By Sam Bliss
Growth means a process of increasing in physical size. When we think of economic growth, it is difficult to fathom what exactly grows, since ‘the economy’ is an invented concept that describes billions of human interactions as if they were one giant entity.
But gross domestic product is a rate — the total money value of economic activity per year — and thus growth really means acceleration. Degrowth, according to this understanding, is slowing down.
In 2015, I slowed down a lot. I moved from Seattle to London to Barcelona predominantly by bicycle and entirely upon the surface of the earth. This physical journey was the culmination of an intellectual journey from my undergraduate education in market-focused environmental economics to a newfound passion for what my supervisor Giorgos Kallis calls political ecological economics.
Setting aside some of my big ambitions — studying, writing, trying to amass twitter followers — to simply move slowly evolved my understanding of how to degrow. Maybe degrowth doesn’t mean constantly, insistently pressing to spread and advance our small movement. And maybe that’s okay.
The bicycle is a tool for degrowth
Critical philosopher Ivan Illich writes that bicycles enable people to “become masters of their own movements without blocking those of their fellows.” Of all modes of transport, the bicycle consumes the least energy carrying humans a given distance.
Choosing to travel by bicycle disobeys the growth economy’s unwritten mandate to continually speed up the pace of life. Political scientist-anthropologist James C. Scott might call it an act of everyday resistance — especially if we ride bikes every day.
Cycling to our jobs, schools, errands, and gatherings demands that we reorganize our lives to accommodate longer travel times and the occasional soaking rain, while cycling to destinations on the other side of the world requires letting go of other aspirations for months at a time. Yet traveling slowly, with human power, allows one to palpably experience every centimeter of the journey. Bicycling brings us into the present, each unexpected bump in the road thwarting our trained urge to multitask.
The coevolution of thinking and doing
On the academic end, my faith in standard textbook economics began to erode shortly after receiving my Bachelor’s degree. I read a few books on behavioral economics, then ecological economics, then Marxist economics, taking suggestions from new friends and mentors. The foundations upon which the edifice of my education — and my invisible-to-me liberal ideology — stood were challenged, weakened, and outright disproven when exposed to some intellectual diversity.
A fellowship position working for Alameda County brought me to California. My job was to estimate the ‘upstream’ carbon emissions associated with all the goods and services that this local government purchases — the greenhouse gases produced by extracting raw resources, refining materials, manufacturing, processing, wholesaling, storage, and transportation between these supply chain steps.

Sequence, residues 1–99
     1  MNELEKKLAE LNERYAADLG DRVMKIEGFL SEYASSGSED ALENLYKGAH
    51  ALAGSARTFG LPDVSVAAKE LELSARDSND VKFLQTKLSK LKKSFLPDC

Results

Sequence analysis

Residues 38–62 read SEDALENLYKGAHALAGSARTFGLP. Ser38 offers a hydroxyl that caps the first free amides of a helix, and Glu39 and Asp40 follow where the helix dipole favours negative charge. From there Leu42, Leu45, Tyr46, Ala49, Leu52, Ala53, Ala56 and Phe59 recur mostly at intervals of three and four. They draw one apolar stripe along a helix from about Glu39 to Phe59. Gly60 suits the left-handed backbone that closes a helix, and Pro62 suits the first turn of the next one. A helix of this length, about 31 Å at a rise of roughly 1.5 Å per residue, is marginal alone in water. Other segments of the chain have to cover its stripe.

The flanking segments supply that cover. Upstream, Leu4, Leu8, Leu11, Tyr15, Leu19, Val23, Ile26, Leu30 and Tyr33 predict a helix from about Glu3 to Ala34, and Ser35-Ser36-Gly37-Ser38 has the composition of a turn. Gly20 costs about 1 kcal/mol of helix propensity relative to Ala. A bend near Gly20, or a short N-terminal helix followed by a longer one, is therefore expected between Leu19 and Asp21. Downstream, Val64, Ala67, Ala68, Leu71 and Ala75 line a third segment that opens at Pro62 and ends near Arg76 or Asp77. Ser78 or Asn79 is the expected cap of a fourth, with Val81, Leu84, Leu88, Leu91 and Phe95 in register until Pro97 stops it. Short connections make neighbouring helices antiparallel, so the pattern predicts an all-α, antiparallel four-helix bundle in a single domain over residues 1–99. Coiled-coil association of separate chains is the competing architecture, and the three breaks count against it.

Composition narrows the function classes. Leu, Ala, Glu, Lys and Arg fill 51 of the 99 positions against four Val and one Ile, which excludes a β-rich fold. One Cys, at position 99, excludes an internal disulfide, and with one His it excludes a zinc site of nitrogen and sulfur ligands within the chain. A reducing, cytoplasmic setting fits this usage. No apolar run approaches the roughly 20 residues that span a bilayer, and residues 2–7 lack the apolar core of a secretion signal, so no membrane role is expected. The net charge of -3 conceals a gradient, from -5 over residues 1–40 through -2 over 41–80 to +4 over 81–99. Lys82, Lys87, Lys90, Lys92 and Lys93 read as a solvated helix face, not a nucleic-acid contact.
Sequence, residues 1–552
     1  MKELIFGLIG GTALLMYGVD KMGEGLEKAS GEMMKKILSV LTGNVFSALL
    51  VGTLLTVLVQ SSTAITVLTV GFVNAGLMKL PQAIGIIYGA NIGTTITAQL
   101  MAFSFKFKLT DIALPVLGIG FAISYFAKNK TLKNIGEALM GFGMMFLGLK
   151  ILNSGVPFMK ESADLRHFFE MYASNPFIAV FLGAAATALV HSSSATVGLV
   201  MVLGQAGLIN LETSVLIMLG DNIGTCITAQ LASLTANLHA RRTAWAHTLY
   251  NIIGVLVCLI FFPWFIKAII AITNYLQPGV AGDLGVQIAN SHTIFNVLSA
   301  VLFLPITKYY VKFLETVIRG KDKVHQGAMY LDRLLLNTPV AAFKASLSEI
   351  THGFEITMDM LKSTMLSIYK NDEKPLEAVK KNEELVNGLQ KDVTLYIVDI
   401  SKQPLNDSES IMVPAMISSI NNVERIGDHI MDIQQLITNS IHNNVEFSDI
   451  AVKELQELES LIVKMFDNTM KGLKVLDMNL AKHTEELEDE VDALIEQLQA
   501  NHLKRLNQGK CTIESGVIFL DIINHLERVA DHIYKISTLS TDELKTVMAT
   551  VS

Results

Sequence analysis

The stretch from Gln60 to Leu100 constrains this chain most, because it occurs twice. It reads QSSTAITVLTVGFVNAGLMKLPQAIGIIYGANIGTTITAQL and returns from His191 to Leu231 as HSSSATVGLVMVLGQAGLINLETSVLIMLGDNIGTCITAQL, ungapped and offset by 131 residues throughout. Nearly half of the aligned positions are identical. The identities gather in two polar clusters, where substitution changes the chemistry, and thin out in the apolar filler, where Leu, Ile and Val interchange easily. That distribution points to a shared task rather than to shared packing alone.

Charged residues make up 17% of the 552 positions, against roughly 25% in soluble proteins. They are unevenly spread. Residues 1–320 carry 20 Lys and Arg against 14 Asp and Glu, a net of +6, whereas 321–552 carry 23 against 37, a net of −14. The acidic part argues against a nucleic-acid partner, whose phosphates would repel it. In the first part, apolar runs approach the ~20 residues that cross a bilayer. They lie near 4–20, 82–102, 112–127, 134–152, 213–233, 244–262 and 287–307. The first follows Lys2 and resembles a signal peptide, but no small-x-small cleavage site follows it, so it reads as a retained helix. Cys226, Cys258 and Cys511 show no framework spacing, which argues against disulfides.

While this was straightforward project, using a simple input-output model that linearly relates economic activity to carbon emissions, it made a big impact on me. I came to realize that addressing climate change isn’t just about cleaner sources of energy, sustainable transportation, and efficient agriculture. It’s about consuming and producing less, and much differently, too.
The transformation of my thoughts and actions began to coevolve. While learning about the social and environmental impacts of supply chains, I virtually stopped buying new things upon discovering the enormous effects of producing everyday goods and services. I felt not deprived but free from the paralyzingly vast array of consumption options presented by modern capitalism.
Similarly, after replacing my car with a bicycle, I noticed that having a narrower range of weekend activities to choose from made me much happier. These experiences directly contradicted the ‘more is better’ consumer choice theory that I had been taught.
As the bicycle morphed from mere exercise equipment into a gratifying tool for transportation, other relationships in my life were changing as well. Living in a backyard shed among a lively ‘family’ of newfound friends introduced me to consensus-based decision making and the joys of cooperative cohabitation, such as our weeknight, mostly vegan, delicious shared dinners. The stimulating table conversations that accompanied these community meals introduced me to radical ideas and the excitement of discussing them. Slowly but surely, my thinking shifted along with my habits.
How to study degrowth economics
I came to realize that today’s standard ways of thinking about economics aren’t fit to adequately address the issues that interest me most: climate change, inequality, and how to create an economy that doesn’t need to grow forever. Humanity must solve these problems through cooperation; neoclassical economics relies almost entirely on tools that harness competitive self-interest.
I was sure I wanted to return to school, but faced the same difficult decision as any young, dissenting economics student. Should I take part in reforming the discipline from within or study economics outside of the mainstream? PhD economists have a degree of authority in our society, but the process of attaining that profitable title struck me as more indoctrination than education.